Dushanbe, Tajikistan; 26 September 1997 (RFE/RL) -- Usmonkul Miniev, an ethnic Uzbek from the Shahristan district of Tajikistan -- 250 kilometers from the capital Dushanbe -- drives his car once a week to a nearby town to the largest market in the valley. There he buys all kinds of goods including exotic imports like Pepsi Cola and Orbit sugar-free chewing gum.
When you drive on the mountain road that leads to Dushanbe you can see hundreds of improvised markets where you can buy not only local, but also foreign, products. Nobody there finds it strange anymore to see, for example, Miniev, an old man whose hair is as white as the snow on the Zarafshon mountain range, operating an improvised stand in such a market.
Miniev sells goods he has brought from Uroteppa only for dollars, Russian rubles or Uzbek currency. He told our correspondent, who offered Tajik rubles, he was very sorry but he could not accept currency which in a week might not be worth more than the paper it was printed on.
Economic reforms over the last five years have brought Tajikistan into an economic and social situation unique among the newly independent post-Soviet republics. Tajikistan has just suffered through a civil war. During the long years that Tajik politicians and their armed allies have been occupied fighting for power, the neglected ordinary people decided to build a new life on their own. This phenomenon could be called an uncontrolled plunge into a market economy.
Visitors to Tajikistan soon get the sense that economic reforms here spring up from below instead of being decreed from above, as in Russia for example.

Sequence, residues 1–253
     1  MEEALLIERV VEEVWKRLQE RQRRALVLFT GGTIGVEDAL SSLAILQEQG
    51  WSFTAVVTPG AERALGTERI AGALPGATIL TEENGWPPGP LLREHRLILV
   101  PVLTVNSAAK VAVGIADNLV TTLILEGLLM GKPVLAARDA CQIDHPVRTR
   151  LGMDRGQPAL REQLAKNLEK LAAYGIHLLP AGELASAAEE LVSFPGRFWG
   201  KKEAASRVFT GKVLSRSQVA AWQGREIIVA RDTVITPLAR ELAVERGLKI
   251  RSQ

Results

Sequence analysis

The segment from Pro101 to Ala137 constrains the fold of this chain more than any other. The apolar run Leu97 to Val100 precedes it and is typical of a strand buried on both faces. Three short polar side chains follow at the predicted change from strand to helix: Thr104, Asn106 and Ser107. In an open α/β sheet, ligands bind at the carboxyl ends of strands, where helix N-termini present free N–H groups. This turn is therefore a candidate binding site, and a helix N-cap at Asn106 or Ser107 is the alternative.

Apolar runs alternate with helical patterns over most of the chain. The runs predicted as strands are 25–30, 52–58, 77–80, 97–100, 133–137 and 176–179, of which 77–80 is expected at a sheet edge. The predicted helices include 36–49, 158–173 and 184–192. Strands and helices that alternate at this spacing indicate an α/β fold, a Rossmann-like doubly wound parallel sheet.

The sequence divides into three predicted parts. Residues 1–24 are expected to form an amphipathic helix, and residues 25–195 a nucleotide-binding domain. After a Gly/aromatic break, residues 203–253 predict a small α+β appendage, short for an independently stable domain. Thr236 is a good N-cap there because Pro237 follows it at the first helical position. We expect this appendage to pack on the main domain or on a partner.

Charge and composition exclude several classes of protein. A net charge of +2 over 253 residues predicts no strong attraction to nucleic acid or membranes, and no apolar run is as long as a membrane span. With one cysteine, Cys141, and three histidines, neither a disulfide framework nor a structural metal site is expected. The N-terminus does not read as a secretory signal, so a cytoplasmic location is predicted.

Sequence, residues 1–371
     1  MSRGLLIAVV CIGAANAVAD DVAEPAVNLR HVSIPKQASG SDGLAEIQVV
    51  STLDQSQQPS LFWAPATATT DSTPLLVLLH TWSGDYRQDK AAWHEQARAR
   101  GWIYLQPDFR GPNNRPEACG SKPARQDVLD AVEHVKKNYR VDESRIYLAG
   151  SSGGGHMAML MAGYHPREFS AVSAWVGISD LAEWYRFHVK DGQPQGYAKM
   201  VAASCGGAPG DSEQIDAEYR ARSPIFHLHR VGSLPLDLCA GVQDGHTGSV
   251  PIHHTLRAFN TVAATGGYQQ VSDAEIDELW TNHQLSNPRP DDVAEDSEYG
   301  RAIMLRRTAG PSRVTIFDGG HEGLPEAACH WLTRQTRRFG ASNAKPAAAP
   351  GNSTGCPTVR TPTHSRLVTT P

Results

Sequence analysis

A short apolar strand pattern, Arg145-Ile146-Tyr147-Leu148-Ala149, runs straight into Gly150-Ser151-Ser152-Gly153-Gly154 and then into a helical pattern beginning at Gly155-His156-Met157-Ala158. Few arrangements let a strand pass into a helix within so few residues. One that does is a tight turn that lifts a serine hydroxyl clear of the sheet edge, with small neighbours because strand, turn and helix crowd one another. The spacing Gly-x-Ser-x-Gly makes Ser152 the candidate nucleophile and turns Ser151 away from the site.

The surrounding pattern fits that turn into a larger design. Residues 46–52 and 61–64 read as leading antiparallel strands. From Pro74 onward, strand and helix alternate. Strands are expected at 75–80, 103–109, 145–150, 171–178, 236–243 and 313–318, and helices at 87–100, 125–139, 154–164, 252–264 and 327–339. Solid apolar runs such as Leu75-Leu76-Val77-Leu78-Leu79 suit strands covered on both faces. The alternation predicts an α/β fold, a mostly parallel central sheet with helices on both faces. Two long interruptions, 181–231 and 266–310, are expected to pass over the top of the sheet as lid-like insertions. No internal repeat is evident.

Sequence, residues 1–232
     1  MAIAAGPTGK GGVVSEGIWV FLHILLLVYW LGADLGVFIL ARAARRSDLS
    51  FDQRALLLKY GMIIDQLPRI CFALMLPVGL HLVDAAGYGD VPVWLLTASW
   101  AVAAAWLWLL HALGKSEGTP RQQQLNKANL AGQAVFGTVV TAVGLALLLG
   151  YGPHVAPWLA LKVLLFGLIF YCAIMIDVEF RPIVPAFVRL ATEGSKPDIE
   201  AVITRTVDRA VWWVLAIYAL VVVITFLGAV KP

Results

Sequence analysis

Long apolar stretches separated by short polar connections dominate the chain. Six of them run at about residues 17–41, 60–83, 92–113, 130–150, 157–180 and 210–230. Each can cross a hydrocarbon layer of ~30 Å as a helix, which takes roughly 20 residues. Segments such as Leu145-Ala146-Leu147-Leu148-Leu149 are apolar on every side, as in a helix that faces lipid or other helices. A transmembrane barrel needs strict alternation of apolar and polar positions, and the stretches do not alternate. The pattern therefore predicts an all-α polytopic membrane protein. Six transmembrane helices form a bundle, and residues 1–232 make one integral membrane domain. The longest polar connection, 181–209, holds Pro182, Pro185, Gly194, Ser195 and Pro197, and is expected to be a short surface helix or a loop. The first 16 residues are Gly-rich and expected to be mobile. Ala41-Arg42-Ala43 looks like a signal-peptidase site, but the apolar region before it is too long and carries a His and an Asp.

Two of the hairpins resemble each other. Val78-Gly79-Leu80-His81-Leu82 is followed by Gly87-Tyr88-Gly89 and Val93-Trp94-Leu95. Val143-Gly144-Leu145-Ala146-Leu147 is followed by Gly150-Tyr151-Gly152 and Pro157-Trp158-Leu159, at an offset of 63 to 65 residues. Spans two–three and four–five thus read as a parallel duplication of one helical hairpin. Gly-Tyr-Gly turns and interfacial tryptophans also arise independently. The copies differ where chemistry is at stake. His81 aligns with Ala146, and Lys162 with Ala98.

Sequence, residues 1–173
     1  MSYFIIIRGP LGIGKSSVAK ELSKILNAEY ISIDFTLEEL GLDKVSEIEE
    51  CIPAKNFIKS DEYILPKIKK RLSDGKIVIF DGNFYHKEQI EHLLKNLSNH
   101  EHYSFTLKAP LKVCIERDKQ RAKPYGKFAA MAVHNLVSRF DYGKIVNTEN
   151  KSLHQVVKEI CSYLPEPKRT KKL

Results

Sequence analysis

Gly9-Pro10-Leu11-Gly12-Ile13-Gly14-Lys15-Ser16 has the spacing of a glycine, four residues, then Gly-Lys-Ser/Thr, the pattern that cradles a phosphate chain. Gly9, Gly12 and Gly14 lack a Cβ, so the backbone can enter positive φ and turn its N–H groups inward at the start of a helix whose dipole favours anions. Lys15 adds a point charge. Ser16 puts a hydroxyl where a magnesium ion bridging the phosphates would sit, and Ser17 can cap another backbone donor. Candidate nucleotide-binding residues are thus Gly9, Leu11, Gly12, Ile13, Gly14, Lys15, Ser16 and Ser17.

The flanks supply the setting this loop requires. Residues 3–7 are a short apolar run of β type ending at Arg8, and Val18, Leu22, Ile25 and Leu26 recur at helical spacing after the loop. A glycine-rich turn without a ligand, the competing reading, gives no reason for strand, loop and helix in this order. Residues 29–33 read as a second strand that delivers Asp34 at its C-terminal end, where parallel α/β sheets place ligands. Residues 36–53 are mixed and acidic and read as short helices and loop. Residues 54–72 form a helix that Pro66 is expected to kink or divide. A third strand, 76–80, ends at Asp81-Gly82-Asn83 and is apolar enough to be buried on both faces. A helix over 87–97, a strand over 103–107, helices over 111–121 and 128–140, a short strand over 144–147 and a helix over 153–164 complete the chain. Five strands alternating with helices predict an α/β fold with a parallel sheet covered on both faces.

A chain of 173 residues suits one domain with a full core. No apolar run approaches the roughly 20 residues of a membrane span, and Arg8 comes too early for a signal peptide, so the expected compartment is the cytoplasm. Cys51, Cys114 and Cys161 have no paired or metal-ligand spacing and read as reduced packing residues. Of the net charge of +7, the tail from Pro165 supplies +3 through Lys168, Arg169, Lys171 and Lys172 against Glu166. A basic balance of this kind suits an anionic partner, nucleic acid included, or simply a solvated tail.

The Tajik government has issued numerous ukases to support the Tajik ruble. They haven't had any real effect, because the market itself establishes the actual level of the currency. Meanwhile, few trades go through official exchanges, leaving different groups of corporate currency dealers free range for inside deals and manipulation.
Mercantile commerce is the main activity that helped the population survive during the civil war. The first small entrepreneurs came from outside the country, but then the Tajiks themselves began to revive their own heritage. They remembered that the first merchants in Central Asia, active during all the decades of the Silk Road, were the Sogdian, ancestors of the Tajiks.
So now you can find everywhere, from the Persian Gulf countries to India and Pakistan, from China to Poland and Bulgaria, these new Tajik trades people doing business. Little shuttle salesmen like Miniev form small groups, then associations and companies which gradually become influential parts of the economic process not only in Tajikistan, but in the other former Soviet republics of Central Asia as well.
Trade is still the main activity that sustains life in a republic where the population didn't receive any monthly pay, pensions or scholarships during 1995 and the first half of 1996, and where the median wage is six dollars per month. The Government Statistics Agency reports that 95 percent of retail activity in Tajikistan for the first half of 1997 was done in the unofficial market.